TODAY | December 11, 2012
>> when you buy fish, are you really getting what you're paid for? turns out maybe not. a lot of seafood is being mislabeled. anne thompson is here with more on that. good morning.
>> good morning, matt. we're being told all the time to eat more seafood because it's high in protein and low in fat. in restaurants and grocery stores , new yorkers don't always get the seafood they think they're buying. it's a problem here and in city's across the country. wrapped in practice or swimming in sauce, boying seafood can sometimes be a bait and switch experience says oceana, the conservation group.
>> consumers are getting ripped off, often getting less desirable, cheaper fish.
>> reporter: testing revealed 39% of the 142 samples purchased this summer in new york city were mislabeled, replaced with seafood of lower quality and value. highest rate at sushi bars. all 16 sushi bars had mislabeled fish. 90% of the white tuna turned out to be escolar, known for its laxative-like effects. popular on restaurant menus and in grocery stores is red snapper but 79% of the red snapper oceana bought was something else, everything from different types of snapper to a potentially dangerous fish.
>> tile fish , which is on the fda do not eat list because of its high mercury levels.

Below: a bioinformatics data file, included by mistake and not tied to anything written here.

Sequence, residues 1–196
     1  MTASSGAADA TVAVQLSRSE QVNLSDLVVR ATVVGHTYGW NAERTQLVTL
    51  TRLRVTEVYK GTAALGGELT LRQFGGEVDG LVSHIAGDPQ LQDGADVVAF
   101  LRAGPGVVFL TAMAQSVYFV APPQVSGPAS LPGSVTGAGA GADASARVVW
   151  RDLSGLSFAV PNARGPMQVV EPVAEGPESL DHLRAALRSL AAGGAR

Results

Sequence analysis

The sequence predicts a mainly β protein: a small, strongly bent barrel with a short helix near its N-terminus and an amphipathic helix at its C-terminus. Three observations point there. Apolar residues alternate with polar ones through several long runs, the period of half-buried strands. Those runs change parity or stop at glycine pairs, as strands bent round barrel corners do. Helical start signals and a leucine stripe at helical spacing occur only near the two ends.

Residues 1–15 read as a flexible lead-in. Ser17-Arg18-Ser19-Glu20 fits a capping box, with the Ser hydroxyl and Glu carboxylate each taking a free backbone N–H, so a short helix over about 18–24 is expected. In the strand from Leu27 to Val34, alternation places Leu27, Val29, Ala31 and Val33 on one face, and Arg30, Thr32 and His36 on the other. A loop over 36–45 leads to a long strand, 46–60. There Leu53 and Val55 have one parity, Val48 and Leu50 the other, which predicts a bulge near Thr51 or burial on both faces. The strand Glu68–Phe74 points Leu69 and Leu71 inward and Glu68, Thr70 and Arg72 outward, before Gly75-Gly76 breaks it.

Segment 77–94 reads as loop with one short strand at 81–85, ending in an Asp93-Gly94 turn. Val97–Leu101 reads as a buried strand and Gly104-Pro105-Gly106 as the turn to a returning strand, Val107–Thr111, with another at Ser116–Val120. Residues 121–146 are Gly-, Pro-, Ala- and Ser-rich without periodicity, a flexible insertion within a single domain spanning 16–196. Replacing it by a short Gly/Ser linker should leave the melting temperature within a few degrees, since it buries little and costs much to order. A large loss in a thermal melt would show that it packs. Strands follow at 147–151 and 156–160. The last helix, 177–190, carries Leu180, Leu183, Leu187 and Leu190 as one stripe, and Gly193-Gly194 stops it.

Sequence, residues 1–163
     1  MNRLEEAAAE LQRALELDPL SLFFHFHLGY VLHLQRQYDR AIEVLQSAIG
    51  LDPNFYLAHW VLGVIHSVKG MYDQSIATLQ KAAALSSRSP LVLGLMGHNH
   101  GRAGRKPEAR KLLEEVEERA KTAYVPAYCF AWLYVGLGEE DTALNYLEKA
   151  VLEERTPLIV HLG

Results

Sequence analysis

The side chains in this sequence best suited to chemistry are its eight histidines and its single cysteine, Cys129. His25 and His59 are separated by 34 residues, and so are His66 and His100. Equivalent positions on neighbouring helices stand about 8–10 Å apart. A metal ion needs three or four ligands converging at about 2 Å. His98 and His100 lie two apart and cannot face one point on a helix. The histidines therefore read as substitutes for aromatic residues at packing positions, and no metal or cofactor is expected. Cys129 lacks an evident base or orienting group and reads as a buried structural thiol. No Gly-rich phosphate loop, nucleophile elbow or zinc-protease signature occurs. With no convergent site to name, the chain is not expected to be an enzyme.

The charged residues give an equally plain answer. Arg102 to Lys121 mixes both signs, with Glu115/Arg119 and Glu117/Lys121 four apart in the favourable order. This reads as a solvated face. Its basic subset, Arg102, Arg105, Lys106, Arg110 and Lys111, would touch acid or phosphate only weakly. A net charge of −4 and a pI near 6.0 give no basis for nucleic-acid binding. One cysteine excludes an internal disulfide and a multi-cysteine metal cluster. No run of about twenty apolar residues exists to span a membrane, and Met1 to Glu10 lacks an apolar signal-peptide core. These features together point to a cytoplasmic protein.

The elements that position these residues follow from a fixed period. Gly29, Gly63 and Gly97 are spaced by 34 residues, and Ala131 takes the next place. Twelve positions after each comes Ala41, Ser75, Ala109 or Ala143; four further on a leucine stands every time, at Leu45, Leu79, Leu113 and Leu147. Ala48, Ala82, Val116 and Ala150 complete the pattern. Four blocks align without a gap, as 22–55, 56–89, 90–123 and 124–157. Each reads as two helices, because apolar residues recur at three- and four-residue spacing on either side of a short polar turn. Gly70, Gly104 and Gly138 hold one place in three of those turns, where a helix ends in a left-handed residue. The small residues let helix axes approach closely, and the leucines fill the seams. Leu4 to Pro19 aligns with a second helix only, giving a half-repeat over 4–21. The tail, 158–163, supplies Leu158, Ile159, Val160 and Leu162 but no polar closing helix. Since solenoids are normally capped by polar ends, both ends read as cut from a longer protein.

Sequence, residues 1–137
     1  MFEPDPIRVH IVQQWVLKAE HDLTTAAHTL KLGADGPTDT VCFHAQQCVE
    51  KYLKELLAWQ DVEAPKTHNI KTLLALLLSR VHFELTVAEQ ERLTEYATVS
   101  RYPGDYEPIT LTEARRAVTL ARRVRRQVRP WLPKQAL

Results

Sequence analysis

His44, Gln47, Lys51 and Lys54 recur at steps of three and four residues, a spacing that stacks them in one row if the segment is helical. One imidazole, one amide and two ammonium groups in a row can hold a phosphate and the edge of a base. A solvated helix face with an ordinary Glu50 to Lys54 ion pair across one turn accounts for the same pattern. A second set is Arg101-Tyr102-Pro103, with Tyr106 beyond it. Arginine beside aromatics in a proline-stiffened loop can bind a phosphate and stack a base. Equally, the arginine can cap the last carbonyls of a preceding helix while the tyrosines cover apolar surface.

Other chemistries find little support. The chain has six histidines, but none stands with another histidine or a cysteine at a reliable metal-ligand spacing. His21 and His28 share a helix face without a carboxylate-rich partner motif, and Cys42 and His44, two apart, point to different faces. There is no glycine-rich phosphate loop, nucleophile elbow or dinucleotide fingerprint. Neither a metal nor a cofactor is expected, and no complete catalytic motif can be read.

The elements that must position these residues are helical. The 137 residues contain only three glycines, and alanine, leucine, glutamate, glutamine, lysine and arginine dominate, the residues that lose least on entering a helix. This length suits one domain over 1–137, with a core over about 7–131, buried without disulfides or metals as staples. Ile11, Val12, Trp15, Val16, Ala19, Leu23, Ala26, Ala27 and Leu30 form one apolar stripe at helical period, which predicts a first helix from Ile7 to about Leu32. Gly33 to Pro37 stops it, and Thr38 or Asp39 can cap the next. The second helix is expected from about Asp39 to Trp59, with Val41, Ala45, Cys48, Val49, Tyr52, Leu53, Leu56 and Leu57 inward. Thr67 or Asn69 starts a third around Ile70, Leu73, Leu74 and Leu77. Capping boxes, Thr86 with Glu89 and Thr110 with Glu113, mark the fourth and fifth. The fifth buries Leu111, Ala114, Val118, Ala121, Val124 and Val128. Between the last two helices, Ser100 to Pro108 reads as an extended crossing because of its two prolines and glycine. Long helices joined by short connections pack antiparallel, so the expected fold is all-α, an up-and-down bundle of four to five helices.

>> reporter: a recommendation for pregnant women , nursing mothers and young children. the results did not surprise new york seafood wholesaler.
>> it's not just in the city. it's worldwide.
>> reporter: alarming rates of mislabeling in miami, boston and los angeles . the food and drug administration regulates seafood labeling. he says he knows what he's buying but for consumers it's a matter of trust.
>> if they had 100 inspectors a day you still couldn't stop it. you have to rely on who you buy from.
>> reporter: to crackdown on seafood fraud, national fisheries institute , trade group , set up the better seafood board, its members promise to label seafood according to state and federal laws .
>> they feel a disadvantage when either their competitors or customers mislabel a product for financial gain. it's just wrong.
>> how do you protect yourself? first of all you have to ask questions of your server or person at the fish counter . i always do. if they don't know where their fish is from or hem and haw, move on to another choice. another clue, if the item seems to be a real bargain, it's probably something else.
>> why don't they ever mislabel it to our benefit? like say you're getting a crumby, cheap fish but instead they give you great, expensive fish?
>> because it's all about the money.
>> never happens that way. anne